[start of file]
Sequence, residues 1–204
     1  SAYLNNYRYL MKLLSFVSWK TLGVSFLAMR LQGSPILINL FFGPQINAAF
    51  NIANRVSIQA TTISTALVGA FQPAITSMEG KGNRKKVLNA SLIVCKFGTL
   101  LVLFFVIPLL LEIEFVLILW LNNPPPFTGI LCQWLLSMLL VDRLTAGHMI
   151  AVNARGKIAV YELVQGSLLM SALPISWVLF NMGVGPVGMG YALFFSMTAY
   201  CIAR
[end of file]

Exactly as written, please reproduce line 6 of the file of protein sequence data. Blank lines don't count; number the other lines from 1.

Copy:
   201  CIAR